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Post-Ucas deadline: five things to do next

So you've submitted your Ucas application, but that doesn't mean your application journey is over. Prepare for what comes next...

1. Respond to offers

When you'll hear back from the universities will vary as they all have different resources and methods of dealing with incoming applications, while some courses will receive more applications than others.  

Either way, start thinking about any standouts that you're really hoping for an offer from to make your first and insurance choices.

While you wait, brush up on the different university offers you may receive so you know what they mean and can make a smart decision. 

Missed the deadline? Don't panic, you may still have options...
 

2. Prepare for interviews

You might be asked to attend an interview as part of your application to a university; if so, start your prep as soon as possible. You'll find that certain universities and subjects are more likely to require interviews than others. 

Feeling nervous? Pick up some tips to overcome those jitters, including how to buy yourself some time in an interview if a question causes you to stumbles.

Most art and design applicants still have about two months until their application deadline (end of March). If this is you, you'll likely have to provide a portfolio of your work and present this during an interview.

 

 

3. Visit again to be sure

Hopefully you've had a chance to head to a few open days before making your five course choices. A second visit can help to confirm your feelings about a particular university, ask some new questions or refresh your memory.

You can also use it to explore the local area and student hangouts to decide whether you can imagine yourself living there for three years. Does that city and location have what you're looking for, whether it's an active nightlife or good transport links to home? If you're not sure what to look for in a uni city, read our guide.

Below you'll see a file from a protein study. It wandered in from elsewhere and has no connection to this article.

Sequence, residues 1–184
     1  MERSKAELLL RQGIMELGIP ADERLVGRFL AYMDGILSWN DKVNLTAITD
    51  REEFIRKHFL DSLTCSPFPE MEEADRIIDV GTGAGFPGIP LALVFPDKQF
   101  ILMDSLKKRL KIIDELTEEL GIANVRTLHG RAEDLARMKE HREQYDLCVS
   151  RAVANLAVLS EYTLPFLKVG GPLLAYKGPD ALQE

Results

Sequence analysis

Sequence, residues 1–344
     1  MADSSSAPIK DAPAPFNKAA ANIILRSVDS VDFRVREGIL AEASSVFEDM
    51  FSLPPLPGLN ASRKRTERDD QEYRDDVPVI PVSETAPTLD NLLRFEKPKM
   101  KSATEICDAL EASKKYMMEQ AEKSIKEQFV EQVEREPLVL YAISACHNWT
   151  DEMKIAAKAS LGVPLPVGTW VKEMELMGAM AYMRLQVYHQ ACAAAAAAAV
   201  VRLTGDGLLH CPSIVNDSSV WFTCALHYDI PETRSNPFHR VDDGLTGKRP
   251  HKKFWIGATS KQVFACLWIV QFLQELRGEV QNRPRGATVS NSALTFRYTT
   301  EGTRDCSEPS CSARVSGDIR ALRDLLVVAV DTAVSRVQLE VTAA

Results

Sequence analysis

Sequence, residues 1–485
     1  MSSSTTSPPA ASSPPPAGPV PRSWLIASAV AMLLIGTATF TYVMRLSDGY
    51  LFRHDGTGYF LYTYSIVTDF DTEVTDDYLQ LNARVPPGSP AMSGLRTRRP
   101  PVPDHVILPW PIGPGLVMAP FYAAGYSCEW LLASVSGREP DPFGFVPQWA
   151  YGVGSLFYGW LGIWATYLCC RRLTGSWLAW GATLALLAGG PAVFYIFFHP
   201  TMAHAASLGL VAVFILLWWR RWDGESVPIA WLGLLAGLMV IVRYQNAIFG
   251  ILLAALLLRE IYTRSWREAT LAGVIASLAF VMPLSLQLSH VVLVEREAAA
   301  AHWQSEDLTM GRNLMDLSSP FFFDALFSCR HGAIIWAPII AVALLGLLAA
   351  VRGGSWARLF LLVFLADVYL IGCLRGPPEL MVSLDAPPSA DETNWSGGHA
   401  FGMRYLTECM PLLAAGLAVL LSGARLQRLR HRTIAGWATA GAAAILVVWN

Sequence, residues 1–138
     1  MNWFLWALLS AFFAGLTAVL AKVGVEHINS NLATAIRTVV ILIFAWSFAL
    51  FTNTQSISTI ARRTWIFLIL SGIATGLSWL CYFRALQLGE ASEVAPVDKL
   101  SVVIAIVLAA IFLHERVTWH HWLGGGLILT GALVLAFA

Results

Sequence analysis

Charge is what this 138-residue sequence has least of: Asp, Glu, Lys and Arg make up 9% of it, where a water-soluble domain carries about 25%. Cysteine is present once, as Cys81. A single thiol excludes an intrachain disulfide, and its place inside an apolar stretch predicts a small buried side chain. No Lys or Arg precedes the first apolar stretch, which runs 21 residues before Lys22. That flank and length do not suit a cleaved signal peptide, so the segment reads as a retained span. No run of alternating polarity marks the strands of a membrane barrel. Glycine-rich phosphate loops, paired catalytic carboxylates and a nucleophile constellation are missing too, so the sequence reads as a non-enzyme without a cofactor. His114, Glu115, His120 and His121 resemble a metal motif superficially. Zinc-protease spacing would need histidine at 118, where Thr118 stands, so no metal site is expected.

You don't necessarily have to wait for an official open day. Feel free to make your own trip; though if you want to see certain areas on campus, the university may need some notice so they can accommodate you.
 

4. Sort out student finance

There's actually no need to wait to hear back from universities to apply for student finance, so get this out the way to ensure your first payment hits your bank account in time for the start of term. Find out what you'll pay in tuition fees and what financial support there is for you to apply for (plus the deadline to get yours in time for when you go).

Also, start putting together a rough budget plan, thinking about your likely income and outgoings once September rolls around. Doing this now will help with planning things like whether you'll need to take on part-time work before and/or during university, extra funding you should seek out etc.

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5. Think about student accommodation

Get your priorities straight when it comes to student accommodation. Is there a maximum number of students you want to live with? Are you after catered or self-catered accommodation? Is an en-suite bathroom an absolute essential, or something you can live without?

Keep your expectations realistic, in line with your budget and what your preferred universities have to offer. 

Most unis allocate accommodation on a first-come, first-served basis, so get your application in early. Ideally you'll have seen (or can plan to see) accommodation at open days or via online tours, to get a proper feel of the different living options available.

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